The Modi government -- through its land bill ordinance – may have done away with the consent and social impact assessment clauses for rural infrastructure projects, but states implementing the World Bank-funded rural roads project will still have to adhere to guidelines on social and environmental safeguards.
The government has accepted the World Bank’s condition to assess the social impact of the Pradhan Mantri Gram Sadak Yojana (PMGSY) and consult with the locals before proceeding with its implementation.
This comes after Prime Minister Narendra Modi, in his latest Mann Ki Baat radio address, justified doing away with the consent clause for rural roads saying projects for public purposes need not be subject to the clause. An exception, sources said, had been made for the PMGSY for which the World Bank has committed a loan of $1,500 million (Rs9,337 crore) since 2010.
In a letter sent to all states implementing phase two of the project, the rural development ministry last month issued detailed guidelines “to ensure all significant environmental and social safeguard issues are given due consideration during project implementation”.
As per the guidelines, states will have to undertake public consultations, identify environmental and social impacts, document forest clearances and log data on trees cut to make room for the project. They will also have to send monthly reports to the World Bank on issues concerning social and environment safeguards, including consent and forest rights violations.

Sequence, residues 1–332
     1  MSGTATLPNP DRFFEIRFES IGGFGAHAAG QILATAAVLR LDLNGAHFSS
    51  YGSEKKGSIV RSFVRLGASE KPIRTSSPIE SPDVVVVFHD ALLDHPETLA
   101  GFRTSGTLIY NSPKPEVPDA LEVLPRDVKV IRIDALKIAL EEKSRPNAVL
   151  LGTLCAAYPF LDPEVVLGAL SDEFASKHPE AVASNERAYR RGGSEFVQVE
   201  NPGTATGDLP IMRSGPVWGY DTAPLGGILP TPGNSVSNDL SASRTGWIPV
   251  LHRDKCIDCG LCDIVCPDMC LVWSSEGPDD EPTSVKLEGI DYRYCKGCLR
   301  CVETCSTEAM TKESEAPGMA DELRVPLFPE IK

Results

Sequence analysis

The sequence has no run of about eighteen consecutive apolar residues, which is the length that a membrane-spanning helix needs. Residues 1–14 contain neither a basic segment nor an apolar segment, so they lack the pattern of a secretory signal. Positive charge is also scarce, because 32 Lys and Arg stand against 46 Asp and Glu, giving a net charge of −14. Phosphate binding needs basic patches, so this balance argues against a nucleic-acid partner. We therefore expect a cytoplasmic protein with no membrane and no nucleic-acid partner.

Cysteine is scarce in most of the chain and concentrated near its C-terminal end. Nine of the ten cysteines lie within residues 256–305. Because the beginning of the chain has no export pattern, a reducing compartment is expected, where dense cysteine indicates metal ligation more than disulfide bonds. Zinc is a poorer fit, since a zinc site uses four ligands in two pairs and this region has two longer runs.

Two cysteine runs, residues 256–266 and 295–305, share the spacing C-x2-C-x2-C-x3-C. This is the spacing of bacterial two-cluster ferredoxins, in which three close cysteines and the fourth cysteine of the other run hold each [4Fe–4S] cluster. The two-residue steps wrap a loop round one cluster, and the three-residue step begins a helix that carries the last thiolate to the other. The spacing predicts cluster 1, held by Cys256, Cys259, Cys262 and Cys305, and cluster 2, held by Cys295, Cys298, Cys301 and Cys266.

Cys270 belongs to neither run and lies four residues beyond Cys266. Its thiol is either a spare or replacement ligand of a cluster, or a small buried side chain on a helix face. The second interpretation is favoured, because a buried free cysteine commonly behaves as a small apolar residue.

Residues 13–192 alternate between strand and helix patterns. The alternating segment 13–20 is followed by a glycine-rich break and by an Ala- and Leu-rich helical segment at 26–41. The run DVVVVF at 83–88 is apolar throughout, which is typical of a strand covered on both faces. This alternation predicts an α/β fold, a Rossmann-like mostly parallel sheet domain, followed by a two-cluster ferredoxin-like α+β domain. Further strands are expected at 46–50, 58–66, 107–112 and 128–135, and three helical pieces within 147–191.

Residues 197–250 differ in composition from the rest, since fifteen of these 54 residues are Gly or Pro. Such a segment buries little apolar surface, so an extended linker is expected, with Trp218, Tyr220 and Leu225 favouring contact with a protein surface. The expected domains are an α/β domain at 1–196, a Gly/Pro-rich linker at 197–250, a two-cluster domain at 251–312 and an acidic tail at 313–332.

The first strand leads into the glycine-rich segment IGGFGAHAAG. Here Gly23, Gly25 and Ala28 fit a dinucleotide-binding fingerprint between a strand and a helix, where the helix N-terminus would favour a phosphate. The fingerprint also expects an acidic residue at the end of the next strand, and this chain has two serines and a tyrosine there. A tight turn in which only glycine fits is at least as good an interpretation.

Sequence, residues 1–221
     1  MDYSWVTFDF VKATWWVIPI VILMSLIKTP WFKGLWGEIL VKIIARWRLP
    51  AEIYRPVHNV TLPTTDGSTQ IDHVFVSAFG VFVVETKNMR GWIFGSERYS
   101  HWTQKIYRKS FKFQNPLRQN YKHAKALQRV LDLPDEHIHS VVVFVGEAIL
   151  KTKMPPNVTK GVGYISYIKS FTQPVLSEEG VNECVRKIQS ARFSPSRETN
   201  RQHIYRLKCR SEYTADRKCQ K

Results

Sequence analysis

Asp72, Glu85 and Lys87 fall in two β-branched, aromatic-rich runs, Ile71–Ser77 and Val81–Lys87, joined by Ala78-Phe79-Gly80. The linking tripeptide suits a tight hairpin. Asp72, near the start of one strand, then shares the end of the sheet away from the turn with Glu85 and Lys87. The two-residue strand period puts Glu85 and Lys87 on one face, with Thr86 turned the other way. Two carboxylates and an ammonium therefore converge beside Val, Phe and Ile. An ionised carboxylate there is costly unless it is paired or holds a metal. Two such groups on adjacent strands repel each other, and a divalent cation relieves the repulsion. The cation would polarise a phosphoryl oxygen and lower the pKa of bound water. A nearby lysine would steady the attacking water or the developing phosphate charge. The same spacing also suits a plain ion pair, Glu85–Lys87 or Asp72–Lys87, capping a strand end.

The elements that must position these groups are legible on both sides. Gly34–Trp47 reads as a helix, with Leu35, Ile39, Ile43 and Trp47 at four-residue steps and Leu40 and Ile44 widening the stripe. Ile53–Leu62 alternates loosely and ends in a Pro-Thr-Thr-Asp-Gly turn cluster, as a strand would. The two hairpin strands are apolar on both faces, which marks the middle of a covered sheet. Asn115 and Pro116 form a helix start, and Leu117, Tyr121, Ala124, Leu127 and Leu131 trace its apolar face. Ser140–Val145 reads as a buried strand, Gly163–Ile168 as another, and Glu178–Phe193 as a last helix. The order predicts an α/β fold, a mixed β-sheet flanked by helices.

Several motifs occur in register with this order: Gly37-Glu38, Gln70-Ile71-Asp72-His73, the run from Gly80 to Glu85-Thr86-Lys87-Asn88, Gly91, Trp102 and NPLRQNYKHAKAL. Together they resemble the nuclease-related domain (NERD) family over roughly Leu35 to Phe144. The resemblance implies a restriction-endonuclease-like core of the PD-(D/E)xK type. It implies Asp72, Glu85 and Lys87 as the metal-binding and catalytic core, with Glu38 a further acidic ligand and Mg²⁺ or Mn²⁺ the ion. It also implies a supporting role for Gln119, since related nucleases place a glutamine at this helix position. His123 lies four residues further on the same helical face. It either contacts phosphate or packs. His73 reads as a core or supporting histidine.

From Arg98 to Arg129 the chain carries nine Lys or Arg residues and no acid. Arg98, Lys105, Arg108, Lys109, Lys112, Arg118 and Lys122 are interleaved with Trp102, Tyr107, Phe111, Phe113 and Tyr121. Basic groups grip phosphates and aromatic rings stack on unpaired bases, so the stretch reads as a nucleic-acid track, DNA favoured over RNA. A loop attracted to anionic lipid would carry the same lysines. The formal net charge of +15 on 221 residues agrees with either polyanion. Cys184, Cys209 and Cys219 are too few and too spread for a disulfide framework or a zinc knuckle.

“The social and environmental management framework, agreed for PMGSY, requires a monthly report from the states as a mechanism for systematic/regular review of key environment and social sustainability parameters. It forms an integral part of the program’s implementation quality assurance efforts,” a World Bank spokesperson told HT.
The project was launched by the Atal Behari Vajpayee government in December 2000 as a fully-funded centrally sponsored scheme to provide all-weather road connectivity to rural areas of the country.
It envisages connecting areas in the plains with a population of over 500 people and hilly states, tribal and desert areas with over 250 people.